This co-operative group was established in 2008 by six immigrants from Africa. The venture engages in promoting and supplying Afro-European clothing. It is a fashion design business that mixes African and European fabrics to create beautiful clothing.
In the summer of last year, the venture organized a fashion fair in which they exhibited a rich variety of clothes, dresses, skirts, trousers, tops, sports wears and other outfits with a special touch of African and European motifs. Many of the designs use a combination of beautiful African hand woven fabrics from Ghana such as Kente, and Adire and Akwete from the Yoruba and Igbo of Nigeria, respectively. These are rare fabrics which the designers blend with European fabrics to a great and unique effect.
The products of Ore Ofe members are in hot demand among Africans in Ireland, as they are mostly ceremonial outfits usually designed for and worn during communal social occasions. They are an important expression of African cultural sensibility as well as being visual representations of African history, philosophy, ethics, oral literature, moral values, social codes of conducts and aesthetic principles. However, mixing these traditional fabrics with European ones is a powerful statement about the interaction of cultures, which modern global migration has produced. According to one member of Ore Ofe, the mixture of fabrics from these two cultures is a suggestion that peoples from different cultures can live together and respect their different traditional values. In fact, clients of Ore Ofe products include various non-African groups, including the Irish.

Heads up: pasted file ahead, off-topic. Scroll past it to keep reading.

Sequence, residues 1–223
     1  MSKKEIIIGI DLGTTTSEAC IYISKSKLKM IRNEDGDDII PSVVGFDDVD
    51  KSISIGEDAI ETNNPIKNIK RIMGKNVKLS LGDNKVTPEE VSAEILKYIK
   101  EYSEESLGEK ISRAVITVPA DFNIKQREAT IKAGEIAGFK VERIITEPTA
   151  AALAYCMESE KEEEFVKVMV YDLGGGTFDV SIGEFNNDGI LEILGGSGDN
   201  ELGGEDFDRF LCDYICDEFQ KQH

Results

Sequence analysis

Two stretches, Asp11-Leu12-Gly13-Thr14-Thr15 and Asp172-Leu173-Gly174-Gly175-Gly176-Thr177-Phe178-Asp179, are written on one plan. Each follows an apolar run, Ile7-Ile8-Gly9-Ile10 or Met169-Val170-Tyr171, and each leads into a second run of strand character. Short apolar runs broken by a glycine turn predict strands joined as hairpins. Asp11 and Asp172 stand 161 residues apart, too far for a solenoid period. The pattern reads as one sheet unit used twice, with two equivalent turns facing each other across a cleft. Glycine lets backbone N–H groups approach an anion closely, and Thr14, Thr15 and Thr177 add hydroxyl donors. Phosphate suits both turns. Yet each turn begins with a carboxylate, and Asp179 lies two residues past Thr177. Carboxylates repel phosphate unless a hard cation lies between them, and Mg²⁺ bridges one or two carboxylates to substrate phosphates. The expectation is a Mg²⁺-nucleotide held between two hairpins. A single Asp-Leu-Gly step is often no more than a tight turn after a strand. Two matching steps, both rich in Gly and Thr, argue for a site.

One particular limitation of the Ore Ofe Co-operative Society is the need to diversify its efforts by introducing traditional fabrics from other African countries, which will diversify and also enrich the range of their production. This can also increase the clientele base as well as hold a promise of sustainability. Another limitation generally cited by members is the difficulty in getting constant and uninterrupted supply of these fabrics from Africa. Currently, the costs of importation of these products from Africa are high and this makes the clothes they manufacture a bit expensive and unaffordable to many people.